I used effedra for a few months before they banned it and dropped from 135 to 105lbs. The 'recommended' dose gave me chest pains, and I would average over 100bpm. I could see how it would cause heart problems with prolonged use. I found I could take 1/4 of the recommended dose and do all I wanted to do, like lift weights for 2 hours. I loved that stuff.
One of the problems with ephedra is something we found in our lab.
Ephedra is still available in Chinese herbal medicine in the UK, it is often called, 'little yellow pills'.
One day the endocrinology consultant was seeing a woman (who came in with her husband) about the issues she was having with high blood pressure. He asked her if she was taking anything, ANYTHING, including supplements, and she would always deny it.
At one of her following appointments, she came in without her husband, and said 'Well, when I said I wasn't taking anything, it wasn't true, but I didn't want my husband to know I have been seeing a Chinese herbalist for weight loss'.
Yes, it was 'little yellow pills' which were listed as basically being ephedra.
However, we did some HPLC on these tablets and found that they were highly contaminated with a banned amphetamine called fenfluramine, or fen-fen. http://en.wikipedia.org/wiki/Fenfluramine
Fenfluramine caused irreversible heart valve disorders.
This woman was lucky in that she didn't suffer any permanent damage.
Our head of department wrote this article:
Risks associated with herbal slimming remedies
Original article by: C Corns, K Metcalfe
Reference: Journal of the Royal Society for the Promotion of Health, Dec 2002, vol. 122, no. 4, p. 213-219
Source: Journal of the Royal Society for the Promotion of Health
Date published: 20/02/2003 00:00
The market for non-conventional, natural herbal medicines is growing. This marketing opportunity has been seized upon by some unscrupulous practitioners to sell potentially unsafe 'herbal' products. Several people attended a Chinese herbalist for weight loss advice and were sold 'herbal' preparations that contained fenfluramine, a drug which was withdrawn from sale in the West in 1997 after its use was linked to primary pulmonary hypertension and valvular heart disease. Adulteration of Chinese medicines with Western drugs is becoming an increasing problem, and deaths have been reported from Japan and other Far Eastern countries linked to Chinese slimming aids containing N-nitroso-fenfluramine. There is a need for increased public awareness of such risks associated with the use of unlicensed medicines; a system of registration for medical herbalists is also required to protect both the reputable practitioners and the general public.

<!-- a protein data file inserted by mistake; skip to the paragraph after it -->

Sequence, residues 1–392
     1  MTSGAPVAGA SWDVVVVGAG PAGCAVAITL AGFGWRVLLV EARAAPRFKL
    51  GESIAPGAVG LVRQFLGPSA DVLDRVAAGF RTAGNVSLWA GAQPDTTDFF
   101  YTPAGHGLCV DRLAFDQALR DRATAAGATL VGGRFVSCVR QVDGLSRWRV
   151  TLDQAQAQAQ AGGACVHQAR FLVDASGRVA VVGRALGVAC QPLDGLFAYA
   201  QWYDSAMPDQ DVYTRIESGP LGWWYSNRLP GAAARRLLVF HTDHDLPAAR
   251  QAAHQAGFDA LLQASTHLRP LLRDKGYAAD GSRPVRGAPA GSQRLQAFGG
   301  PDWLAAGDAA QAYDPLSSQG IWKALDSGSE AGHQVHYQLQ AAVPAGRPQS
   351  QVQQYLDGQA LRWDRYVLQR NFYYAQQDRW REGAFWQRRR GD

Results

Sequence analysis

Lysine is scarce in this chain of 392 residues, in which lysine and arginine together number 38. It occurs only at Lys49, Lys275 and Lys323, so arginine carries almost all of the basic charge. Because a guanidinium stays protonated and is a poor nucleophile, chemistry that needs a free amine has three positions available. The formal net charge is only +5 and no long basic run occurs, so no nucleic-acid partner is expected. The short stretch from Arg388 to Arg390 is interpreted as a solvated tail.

We also did a few other investigations looking for other contaminants in Chinese herbal remedies, it was quite common.
I wouldn't be surprised if some of the ephedra that killed people had been contaminated.
Another issue with A LOT of sports and weight loss supplements is that they are just a huge pile crap, so some of the first batches of the supplement are purposefully contaminated with actual pharmaceuticals, anything from diuretics to steroids.
If you are a drug tested athlete, and you really don't want to take any performance enhancing drugs, you steer clear of all supplements as it would be quite easy to accidentally take something and fail a drug test.